Headlines about the dangers of soda used to run rampant in the press. These days, it seems public enemy number one is the all too unavoidable act of sitting. When you sit for long periods of time, your muscles adapt and start to work differently—and not in a good way. Being sedentary for many hours a day (as is required in most office jobs) has been linked to a number of long-term health problems, including Type 2 diabetes, heart disease, and high blood pressure. In the short-term, inactivity causes weight gain and loss of muscle tone. You may not have convinced your HR department to replace all the desks in your office with treadmill desks (yet), and you probably haven’t found a way to shave hours off of your workday (if you do, let us know), but you can get in shape over your lunch break.
Keep reading to find out how!
Your first shape-up option is the most desirable: Get out of the office and get your heart rate up. To make it happen, set a calendar reminder on your computer, and keep that appointment as you would any other meeting—even if that just means walking to get your lunch (every power walk counts!). Stash a pair of sneakers in your desk—you’re more likely to get moving when you can’t use your heels as an excuse.
Getting in an hour-long sweat session at the gym is probably not a viable option, but don’t let that keep you from working out. Research shows that the effects of exercise are cumulative, so there’s nothing wrong with breaking up your workout into 15-minute blocks. During your lunch hour, go for a run around the neighborhood, or spend 15 minutes with the original StairMaster, the stairs. To make your about-the-office workouts as effective as any in-the-gym workout, try interval training. On your run, sprint for a block, and then walk for a block. If you’re on the stairs, run up a flight, and then walk down a flight.
If your conference call is running over into your lunch hour, make the most of it—you can do more when you’re on the phone than when you’re glued to a computer. In fact, being on the phone is the perfect opportunity to stand (a rare luxury in office life). Pace around the conference room for a bit of cardio. Or try some toning exercises, like calf raises. Do a few sets with your toes turned out, turned in, and parallel (or one-legged, if you really want to go for it).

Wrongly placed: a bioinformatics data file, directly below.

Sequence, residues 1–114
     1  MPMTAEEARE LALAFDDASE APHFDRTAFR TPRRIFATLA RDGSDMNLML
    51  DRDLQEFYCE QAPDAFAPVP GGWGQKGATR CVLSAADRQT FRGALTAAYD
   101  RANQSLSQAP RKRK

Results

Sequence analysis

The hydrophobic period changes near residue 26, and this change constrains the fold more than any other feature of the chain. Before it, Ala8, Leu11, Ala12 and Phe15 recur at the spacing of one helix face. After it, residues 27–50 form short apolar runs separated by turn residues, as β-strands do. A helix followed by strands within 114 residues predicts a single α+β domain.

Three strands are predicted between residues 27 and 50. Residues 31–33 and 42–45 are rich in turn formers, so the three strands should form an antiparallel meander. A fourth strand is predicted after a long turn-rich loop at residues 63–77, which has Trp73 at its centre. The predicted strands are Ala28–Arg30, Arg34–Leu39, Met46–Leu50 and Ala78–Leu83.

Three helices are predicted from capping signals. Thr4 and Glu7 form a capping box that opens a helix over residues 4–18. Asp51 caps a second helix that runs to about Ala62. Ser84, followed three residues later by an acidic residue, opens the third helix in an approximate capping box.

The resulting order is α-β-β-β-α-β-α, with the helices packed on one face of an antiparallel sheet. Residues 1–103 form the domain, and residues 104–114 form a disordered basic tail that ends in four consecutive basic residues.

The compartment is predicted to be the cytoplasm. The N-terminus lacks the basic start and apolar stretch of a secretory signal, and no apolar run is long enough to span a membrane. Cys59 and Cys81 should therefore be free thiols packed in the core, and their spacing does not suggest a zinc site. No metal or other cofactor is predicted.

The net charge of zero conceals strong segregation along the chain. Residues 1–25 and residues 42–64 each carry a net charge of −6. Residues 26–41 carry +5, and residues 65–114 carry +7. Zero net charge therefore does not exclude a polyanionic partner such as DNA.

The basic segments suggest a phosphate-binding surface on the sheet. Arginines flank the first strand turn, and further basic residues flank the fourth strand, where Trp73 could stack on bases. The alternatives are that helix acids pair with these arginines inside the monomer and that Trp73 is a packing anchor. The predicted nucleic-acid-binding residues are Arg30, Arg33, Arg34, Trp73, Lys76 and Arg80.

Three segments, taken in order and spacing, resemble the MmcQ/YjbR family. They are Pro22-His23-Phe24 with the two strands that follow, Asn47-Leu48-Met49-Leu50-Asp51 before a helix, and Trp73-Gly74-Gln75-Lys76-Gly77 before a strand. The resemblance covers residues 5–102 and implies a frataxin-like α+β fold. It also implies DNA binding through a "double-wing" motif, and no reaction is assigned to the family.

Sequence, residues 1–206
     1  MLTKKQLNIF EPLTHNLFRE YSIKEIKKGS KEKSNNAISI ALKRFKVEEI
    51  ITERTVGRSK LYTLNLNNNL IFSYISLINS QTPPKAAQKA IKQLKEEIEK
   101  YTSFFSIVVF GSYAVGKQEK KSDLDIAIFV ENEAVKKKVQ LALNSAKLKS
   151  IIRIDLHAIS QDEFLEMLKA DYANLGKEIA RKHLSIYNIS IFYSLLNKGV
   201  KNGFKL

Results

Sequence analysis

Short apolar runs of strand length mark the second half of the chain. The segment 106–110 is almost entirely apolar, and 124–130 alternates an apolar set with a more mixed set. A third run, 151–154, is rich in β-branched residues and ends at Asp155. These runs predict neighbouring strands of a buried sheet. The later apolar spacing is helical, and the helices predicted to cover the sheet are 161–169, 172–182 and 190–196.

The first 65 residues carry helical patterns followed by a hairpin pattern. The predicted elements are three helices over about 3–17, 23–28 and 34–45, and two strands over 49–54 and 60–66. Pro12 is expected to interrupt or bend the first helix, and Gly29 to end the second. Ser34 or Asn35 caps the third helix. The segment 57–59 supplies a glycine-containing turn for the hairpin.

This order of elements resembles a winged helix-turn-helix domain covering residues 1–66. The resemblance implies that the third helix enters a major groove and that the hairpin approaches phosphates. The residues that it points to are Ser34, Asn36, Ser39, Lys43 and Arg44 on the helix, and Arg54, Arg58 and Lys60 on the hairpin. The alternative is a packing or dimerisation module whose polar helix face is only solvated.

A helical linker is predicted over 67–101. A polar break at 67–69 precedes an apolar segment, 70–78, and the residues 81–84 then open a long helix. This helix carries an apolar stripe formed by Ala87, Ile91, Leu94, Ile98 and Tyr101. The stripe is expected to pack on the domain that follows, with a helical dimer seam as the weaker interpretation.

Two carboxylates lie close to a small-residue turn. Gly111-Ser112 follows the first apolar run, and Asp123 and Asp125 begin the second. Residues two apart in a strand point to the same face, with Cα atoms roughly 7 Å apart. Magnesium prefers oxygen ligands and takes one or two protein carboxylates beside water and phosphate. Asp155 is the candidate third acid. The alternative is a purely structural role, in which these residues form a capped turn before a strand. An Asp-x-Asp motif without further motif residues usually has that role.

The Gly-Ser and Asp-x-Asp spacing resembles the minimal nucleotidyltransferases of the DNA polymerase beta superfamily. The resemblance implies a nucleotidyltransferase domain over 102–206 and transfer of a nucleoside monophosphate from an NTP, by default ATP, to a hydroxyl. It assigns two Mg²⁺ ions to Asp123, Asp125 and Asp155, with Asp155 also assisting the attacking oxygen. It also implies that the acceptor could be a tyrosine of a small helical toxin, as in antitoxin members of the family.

To tone your glutes and hamstrings, break out your arabesques and squats. Complete a set of standing leg lifts on one side, then switch legs. Add a set of squats, and then mix in some more ballet with a few grand pliés in second position (that’s feet wider than hip distance apart with your toes turned out) for a total lower body workout.
If the above-mentioned exercises would startle your fellow in-room attendees, focus on your arms with table pushes. First, place your hands under the table, and try to lift it. Hold that position until your muscles start to fatigue. Then, place your hands on top of the table and push down on the surface. Hold that for as long as you can, shake it out, and repeat. Your biceps and triceps will definitely feel the burn.
Even when you simply can’t get away from your desk, you’ve still got options. Engage your core and get your heart rate up with rapid knee raises. Sit on the edge of your chair, feet flat on the floor, hips squared off, and alternate lifting your knees as high as you can and fast as you can. Next up, double-leg lifts. Sit on the edge of your chair, legs extended in front of you. Cross one leg over the other, squeeze them together, lift, hold at the top for a few seconds, slowly lower, and then switch legs. Then try single-leg extensions. Lift one leg up, drive it across your body, then out to the opposite side, then back to center, lower, and repeat with the other leg. Or focus on your derriere with glute squeezes. Lift one glute up as much as you can, then lower, and switch sides. Continue with the side-to-side rocking motion for 30 seconds, and then squeeze them together for 20 seconds.
And it’s not all about the legs—you can exercise your abdominal muscles at your desk too. To strengthen your core, ditch your desk chair, and sit on an exercise ball. You’ll be getting an ab workout (and improving your posture), even if it’s just for one hour.
Lunch-hour workout or not, the office doesn’t have to be a source of weight gain and loss of muscle tone. Simply sitting up straight burns calories. Yes, as the afternoon wears on it becomes harder not to slump down in your chair, but maintaining good posture works your abs and burns 20 percent more calories than slouching. Standing and walking will burn even more. Instead of emailing your co-worker that quick question, get up and ask them in person. Use a smaller water bottle, one that forces you to get up and refill more often. And take the long way to the water cooler—all of those steps will add up.
Better yet, turn your full water bottle into a dumbbell. Bicep curls, tricep extensions, and shoulder presses can all be done anytime and anywhere with the supplies you already have at your desk.
How often do you get a lunch-hour workout in? Tell us what you do in the comments!